Swiss private bank Bordier & Cie approaches client relationships with analytical precision. The bank’s CEO and managing partner Evrard Bordier believes that identifying what is truly important to a client can help them discover unconscious traits they might not have realised about themselves, or perhaps had not been able to articulate. He speaks of ‘archetypes’ when he discusses client profiles, these identified by means of a questionnaire, which clients complete during the onboarding process.
“The answers will give you different sets of archetypes,” says Bordier, “Which, in themselves, will need different management styles, enabling us tobetter customise an investment strategy for the client.”
Bordier gives an example: “One of these is the Consumer archetype, something that is commonly seen in certain regions of the world, one who works very hard and likes to reward themselves with the spending power accorded to them by their hard work .”
“And, for this archetype, you’d want to focus not on the returns of the portfolio, but on the yield,” he says. “For this client, we might apply a yield strategy which invests in fixed income instruments and high yielding assets.”
Being ‘Product Agnostic’
Bordier & Cie operates on an open architecture platform, offering bespoke and personalised services to its clients. Unlike other establishments, the bank does not sell in-house investment products, which can sometimes carry embedded fees. Rather, it remains ‘product agnostic’, and acts independently to source investment options.
Moving away from Advisory-Based Services
The bank plans to shift away from an advisory-based model because, Bordier says, “We're talking mostly about solicited business, which is soliciting the client to trade on certain investment products, which is what most banks do.”
The bank is currently experimenting on a more efficient alternative to the advisory model: “A client can be both discretionary and non-discretionary.” He explains: “These are not mutually-exclusive, per se. We have built a system that allows us to have discretionary clients with a non-discretionary abilities.”
“Whatever the client decides is either within the discretionary portfolio, because the bank agrees to it, or it is on the execution-only platform, because the client decided to do it,” Bordier continues,
One of the advantages of this, Bordier observes, is the increased ability to navigate the complexities of industry regulations and cross-border transactions in serving their international clientele.
However, he stresses, his bank is not completely out of the advisory model.
Bordier believes that many banks get wary - instead of relying on transactional revenue - of relying on performance fees, and persuading clients to pay for advisory, due to having to meet basic operational costs upfront. “Your IT costs are millions of dollars. Your staffing costs, your premises cost - it's very difficult to have something that is only performance-driven when you cannot control the markets.”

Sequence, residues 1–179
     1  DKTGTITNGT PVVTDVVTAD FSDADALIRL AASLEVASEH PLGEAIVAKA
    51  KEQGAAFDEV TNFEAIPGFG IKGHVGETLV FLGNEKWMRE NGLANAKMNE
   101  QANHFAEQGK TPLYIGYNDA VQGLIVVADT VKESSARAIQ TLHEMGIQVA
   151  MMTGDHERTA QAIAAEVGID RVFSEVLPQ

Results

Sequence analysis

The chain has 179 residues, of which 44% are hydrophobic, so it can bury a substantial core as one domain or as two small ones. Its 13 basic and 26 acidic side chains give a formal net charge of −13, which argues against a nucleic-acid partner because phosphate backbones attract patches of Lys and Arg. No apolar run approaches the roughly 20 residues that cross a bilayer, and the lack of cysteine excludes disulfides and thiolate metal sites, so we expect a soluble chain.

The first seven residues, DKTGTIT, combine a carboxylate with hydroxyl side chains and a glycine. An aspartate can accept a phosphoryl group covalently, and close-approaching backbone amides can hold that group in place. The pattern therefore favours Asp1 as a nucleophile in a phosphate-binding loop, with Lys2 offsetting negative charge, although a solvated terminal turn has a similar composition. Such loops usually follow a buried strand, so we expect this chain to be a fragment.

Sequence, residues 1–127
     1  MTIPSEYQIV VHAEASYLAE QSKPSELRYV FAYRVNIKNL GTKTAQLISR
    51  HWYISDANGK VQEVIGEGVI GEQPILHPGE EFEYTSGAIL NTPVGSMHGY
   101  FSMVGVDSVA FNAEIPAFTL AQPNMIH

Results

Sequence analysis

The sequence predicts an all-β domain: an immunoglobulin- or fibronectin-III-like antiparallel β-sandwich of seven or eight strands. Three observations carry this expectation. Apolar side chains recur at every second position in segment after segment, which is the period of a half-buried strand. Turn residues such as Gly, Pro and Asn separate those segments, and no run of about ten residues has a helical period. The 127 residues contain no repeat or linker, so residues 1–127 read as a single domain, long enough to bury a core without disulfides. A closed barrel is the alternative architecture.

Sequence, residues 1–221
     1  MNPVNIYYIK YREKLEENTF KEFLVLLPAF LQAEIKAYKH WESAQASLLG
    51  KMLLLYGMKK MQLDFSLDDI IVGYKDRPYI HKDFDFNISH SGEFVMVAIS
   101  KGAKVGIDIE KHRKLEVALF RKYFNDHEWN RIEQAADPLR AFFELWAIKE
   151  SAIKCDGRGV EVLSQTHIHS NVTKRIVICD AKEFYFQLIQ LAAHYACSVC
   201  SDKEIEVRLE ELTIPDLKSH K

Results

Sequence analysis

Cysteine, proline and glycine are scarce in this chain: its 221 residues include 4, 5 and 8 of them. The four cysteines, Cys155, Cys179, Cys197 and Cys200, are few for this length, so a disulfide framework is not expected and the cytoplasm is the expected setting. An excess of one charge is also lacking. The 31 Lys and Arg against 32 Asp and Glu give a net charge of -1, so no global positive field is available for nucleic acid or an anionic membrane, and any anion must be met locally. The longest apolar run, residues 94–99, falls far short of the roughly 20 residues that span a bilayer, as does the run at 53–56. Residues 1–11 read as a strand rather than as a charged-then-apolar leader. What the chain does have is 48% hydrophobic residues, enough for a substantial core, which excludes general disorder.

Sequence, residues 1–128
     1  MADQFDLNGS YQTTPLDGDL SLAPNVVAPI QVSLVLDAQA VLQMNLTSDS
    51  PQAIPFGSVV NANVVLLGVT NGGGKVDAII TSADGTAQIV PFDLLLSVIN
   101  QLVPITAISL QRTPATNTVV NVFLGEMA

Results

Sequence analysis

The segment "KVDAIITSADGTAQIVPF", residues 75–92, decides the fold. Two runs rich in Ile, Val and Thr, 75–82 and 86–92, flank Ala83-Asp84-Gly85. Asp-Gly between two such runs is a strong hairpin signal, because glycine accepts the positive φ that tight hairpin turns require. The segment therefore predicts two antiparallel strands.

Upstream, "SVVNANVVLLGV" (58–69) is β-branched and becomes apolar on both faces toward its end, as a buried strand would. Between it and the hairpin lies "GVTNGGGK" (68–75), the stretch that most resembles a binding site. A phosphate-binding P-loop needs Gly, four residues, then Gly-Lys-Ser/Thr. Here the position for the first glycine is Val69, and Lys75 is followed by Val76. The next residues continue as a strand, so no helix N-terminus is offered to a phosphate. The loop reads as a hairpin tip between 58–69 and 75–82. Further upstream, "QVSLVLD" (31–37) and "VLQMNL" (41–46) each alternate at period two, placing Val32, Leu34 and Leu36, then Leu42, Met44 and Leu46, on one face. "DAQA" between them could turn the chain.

Having a structure where basic costs are met is important but, he says, “You cannot continue doing things the old way, if you want to have a value proposition that is razor-sharp,” he says. “In three years, it will become apparent that people are willing to pay for performance.
Competing Against Industry Giants
How does Bordier & Cie compete against the behemoths of the industry such as UBS when outlining its investment process philosophy?
Bordier is confident that his bank’s customised archetype mapping structure sets it apart from the larger players, as well having as a strong Asian-biased fixed income element. Also, with Bordier & Cie’s stance on moving away from advisory-based services, he says of his clients’ discretionary mandates: “Every decision, every investment we propose, we take full responsibility for it.”
What else can Bordier & Cie offer its clients; for example, in terms of consolidation of assets?
“We also have the ability to manage assets custodised elsewhere,” says Bordier. “This is possible for our private banking clients because it is one of about 10 to 15 Swiss banks which have automated systems in place to obtain a limited power of attorney on the client’s account in another bank, necessary to access the data via the SWIFT system.”
Survival of The Biggest - And the Smallest
Bordier & Cie, with assets under management (AUM) of below CHF20 billion (USD20.2b) is a small boutique enterprise compared to the heavyweights of its industry with AUMs of above USD100 billion, such as UBS, or LGT Group. Bordier sees this as an advantage. “We're profitable, and we're doing fine, being very, very small,” he says.
Bordier believes that the future of the wealth management industry will see the survival of the very big enterprises and the small ones, such as Bordier & Cie. “Those in the 20 to 100 billion mark may be in the danger zone,’” he cautions. Why? “Because you need the infrastructure of a very large player, but you don't have the AUM of a very large player.”